STMicroelectronics, the largest chip maker in Europe, said Monday that it planned to invest almost 2 billion euros in conjunction with the French government to develop a new line of microprocessors for smartphones, TV set-top boxes and home routers.
The company, which is based in Geneva, said it planned to spend 1.3 billion euros ($1.7 billion) through 2017 on new research and development and to expand chip production at its factory in Crolles, France, a town near Grenoble in the French Alps.
France, along with regional and municipal governments in and around Crolles, would contribute 600 million euros to the project, which is part of an industry the government is eager to promote.
France and Italy hold a combined 27.5 percent stake in STMicro, making them the biggest shareholders in the chip maker.
A spokesman for the company, Alexis Breton, said that most of the investment would be used to develop faster and more efficient chips for TV set-top boxes, smartphones and routers to control home security, heating, air and entertainment systems wirelessly.
The market for such chips is expected to grow to 67 billion euros this year, according to World Semiconductor Trade Statistics, an industry research organization in San Jose, Calif. The investment would allow STMicro to double its production capacity of such chips at Crolles, potentially making it a stiffer rival to Broadcom, Texas Instruments, Infineon Technologies and Sony.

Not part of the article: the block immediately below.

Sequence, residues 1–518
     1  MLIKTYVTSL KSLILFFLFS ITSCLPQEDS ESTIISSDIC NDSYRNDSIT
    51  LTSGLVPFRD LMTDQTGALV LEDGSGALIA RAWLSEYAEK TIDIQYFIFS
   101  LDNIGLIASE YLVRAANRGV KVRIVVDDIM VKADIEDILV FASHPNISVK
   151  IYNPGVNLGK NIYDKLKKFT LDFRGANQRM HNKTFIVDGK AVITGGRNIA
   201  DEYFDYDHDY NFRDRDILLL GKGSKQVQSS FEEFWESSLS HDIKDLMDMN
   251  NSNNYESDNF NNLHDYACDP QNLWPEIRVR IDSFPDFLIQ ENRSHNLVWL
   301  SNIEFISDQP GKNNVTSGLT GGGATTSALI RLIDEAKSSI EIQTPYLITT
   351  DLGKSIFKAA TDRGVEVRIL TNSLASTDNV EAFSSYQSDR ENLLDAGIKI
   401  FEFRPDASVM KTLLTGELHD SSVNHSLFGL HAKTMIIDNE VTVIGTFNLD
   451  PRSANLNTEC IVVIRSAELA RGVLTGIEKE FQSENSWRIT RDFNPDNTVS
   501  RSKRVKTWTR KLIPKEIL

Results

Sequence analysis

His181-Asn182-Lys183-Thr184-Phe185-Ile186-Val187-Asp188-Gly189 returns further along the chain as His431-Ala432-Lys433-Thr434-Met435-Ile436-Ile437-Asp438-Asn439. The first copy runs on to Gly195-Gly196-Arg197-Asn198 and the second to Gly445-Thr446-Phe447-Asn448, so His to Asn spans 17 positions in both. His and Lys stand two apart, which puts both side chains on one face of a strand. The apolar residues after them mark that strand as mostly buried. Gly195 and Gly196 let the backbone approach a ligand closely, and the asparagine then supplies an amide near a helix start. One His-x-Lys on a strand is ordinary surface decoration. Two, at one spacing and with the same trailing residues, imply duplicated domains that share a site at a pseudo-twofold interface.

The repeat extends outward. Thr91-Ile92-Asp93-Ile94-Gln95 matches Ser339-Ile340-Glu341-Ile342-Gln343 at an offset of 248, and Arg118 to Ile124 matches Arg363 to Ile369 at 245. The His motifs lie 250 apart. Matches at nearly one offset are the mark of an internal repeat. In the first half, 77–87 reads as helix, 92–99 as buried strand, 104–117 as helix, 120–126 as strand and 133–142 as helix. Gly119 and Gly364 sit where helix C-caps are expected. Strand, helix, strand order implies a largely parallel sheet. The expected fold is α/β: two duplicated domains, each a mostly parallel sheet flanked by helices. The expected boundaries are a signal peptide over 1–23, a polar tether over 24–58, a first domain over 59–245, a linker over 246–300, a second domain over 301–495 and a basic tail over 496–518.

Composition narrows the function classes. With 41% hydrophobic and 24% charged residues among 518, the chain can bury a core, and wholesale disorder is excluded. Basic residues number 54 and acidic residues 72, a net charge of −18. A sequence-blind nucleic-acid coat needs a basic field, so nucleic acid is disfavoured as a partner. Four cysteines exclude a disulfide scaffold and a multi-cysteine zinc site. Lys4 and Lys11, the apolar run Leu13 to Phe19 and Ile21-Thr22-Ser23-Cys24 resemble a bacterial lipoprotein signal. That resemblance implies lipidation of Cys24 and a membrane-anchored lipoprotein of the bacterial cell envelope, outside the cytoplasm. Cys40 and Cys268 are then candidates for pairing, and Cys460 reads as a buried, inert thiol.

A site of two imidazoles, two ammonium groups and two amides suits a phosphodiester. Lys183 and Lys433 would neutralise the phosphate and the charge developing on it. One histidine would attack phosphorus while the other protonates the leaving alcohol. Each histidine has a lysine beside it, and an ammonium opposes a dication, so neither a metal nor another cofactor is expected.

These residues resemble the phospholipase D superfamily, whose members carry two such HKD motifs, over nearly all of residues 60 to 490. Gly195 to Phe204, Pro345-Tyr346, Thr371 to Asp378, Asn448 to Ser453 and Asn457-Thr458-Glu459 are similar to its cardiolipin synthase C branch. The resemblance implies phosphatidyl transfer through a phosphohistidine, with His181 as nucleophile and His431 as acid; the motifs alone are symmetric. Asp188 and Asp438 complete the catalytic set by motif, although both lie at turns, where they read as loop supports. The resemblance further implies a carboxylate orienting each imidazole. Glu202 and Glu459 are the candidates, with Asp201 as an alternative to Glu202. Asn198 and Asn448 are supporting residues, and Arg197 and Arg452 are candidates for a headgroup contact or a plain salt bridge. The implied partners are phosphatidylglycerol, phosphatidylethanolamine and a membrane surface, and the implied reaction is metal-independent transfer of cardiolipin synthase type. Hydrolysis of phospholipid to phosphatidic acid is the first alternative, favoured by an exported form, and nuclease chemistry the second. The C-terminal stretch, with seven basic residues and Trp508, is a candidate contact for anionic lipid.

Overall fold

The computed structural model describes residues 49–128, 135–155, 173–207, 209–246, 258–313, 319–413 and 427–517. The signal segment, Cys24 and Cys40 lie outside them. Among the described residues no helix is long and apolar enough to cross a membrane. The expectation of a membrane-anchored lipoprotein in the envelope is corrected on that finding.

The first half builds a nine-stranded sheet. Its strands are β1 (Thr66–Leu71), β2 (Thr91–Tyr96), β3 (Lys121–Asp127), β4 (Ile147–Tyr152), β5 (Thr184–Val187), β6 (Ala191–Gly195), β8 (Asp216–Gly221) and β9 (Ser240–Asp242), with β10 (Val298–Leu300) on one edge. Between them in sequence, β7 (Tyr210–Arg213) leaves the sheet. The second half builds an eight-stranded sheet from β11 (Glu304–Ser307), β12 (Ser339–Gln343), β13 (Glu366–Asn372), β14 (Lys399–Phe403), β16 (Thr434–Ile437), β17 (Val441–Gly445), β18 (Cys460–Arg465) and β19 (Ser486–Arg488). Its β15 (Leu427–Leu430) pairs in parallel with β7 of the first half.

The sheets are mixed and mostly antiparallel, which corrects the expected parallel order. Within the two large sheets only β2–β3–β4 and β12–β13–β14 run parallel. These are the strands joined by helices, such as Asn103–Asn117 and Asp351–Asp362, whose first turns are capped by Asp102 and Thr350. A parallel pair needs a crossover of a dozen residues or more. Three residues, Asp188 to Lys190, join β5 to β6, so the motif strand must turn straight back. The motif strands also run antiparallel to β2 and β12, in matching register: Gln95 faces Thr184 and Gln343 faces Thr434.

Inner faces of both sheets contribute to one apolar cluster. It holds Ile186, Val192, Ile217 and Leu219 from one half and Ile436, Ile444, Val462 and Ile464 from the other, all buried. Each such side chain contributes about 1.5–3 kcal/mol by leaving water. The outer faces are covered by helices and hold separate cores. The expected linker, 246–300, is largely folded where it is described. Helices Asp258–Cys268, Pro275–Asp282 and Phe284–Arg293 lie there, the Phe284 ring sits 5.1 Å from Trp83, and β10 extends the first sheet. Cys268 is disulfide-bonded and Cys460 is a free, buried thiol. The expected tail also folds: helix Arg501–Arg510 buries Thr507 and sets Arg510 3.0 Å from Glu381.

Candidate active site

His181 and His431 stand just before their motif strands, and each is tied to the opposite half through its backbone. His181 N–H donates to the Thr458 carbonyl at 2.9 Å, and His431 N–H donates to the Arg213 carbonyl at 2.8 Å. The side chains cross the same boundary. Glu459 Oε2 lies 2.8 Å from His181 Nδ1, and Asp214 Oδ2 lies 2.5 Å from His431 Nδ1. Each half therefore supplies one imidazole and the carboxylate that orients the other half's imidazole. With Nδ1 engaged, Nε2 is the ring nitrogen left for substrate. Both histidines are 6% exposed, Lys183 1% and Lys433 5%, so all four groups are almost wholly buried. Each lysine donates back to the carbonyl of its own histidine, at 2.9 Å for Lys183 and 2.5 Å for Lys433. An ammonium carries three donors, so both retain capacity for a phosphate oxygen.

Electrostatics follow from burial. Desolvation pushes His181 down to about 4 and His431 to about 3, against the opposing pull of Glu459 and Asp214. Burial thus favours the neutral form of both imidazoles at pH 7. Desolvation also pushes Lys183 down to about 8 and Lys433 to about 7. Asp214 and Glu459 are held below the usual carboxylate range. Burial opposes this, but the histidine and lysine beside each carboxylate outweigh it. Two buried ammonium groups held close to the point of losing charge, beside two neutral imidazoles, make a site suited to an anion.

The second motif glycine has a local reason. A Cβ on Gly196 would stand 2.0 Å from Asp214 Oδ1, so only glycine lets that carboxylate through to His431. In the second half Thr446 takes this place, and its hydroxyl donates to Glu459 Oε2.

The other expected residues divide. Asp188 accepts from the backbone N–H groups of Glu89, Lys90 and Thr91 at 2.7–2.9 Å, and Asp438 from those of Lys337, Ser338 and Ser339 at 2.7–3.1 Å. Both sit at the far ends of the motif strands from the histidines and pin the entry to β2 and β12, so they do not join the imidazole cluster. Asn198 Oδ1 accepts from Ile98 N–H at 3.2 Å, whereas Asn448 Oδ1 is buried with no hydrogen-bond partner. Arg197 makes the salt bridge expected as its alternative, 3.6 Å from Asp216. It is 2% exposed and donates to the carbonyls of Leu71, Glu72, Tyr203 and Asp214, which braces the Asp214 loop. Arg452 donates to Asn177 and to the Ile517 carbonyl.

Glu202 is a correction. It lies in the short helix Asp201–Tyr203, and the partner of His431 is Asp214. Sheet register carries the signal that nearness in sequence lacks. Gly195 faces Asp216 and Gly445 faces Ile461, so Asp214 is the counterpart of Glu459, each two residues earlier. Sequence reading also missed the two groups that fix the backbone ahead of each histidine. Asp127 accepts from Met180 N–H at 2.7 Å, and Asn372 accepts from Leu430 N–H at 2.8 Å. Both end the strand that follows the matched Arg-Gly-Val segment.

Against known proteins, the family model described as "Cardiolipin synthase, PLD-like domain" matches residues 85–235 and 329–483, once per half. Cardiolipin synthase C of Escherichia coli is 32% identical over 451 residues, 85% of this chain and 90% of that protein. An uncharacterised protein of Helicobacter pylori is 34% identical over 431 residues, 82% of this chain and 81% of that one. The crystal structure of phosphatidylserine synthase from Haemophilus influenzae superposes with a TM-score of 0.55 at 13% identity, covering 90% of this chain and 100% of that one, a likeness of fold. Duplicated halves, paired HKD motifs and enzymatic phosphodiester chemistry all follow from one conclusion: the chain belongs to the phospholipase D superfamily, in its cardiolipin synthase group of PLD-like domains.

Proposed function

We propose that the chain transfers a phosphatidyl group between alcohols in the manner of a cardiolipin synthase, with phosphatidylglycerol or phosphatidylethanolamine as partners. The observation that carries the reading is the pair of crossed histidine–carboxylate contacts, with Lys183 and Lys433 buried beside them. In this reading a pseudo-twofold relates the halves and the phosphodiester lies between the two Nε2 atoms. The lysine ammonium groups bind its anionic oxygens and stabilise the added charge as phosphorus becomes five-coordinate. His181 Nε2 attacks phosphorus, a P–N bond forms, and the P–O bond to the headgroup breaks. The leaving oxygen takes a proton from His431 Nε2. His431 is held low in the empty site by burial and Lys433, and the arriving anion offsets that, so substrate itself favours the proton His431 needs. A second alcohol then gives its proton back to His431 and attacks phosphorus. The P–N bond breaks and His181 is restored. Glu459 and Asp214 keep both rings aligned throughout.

Because of the government subsidies involved, the investment must be approved by Joaquín Almunia, the European Union competition commissioner.
STMicro employs 48,000 people, almost half of them in France and Italy, and had sales of $8.5 billion last year.
The company's factory in Crolles, which employs 2,500 workers, expanded recently with 1.8 billion euros in public and private investments.
But continuing losses at ST-Ericsson, a joint venture with the Swedish equipment maker Ericsson to produce chips for handsets, have put pressure on STMicro, which has reported losses for the last six quarters. The venture with Ericsson is set to close later this year.
In a speech to factory workers in Crolles on Monday, the French prime minister, Jean-Marc Ayrault, said the investment reflected an "exemplary" partnership between private business and local governments, among others. "There are more than 24,000 jobs that depend on this ecosystem," Mr. Ayrault said.interact
This article originally appeared in The New York Times.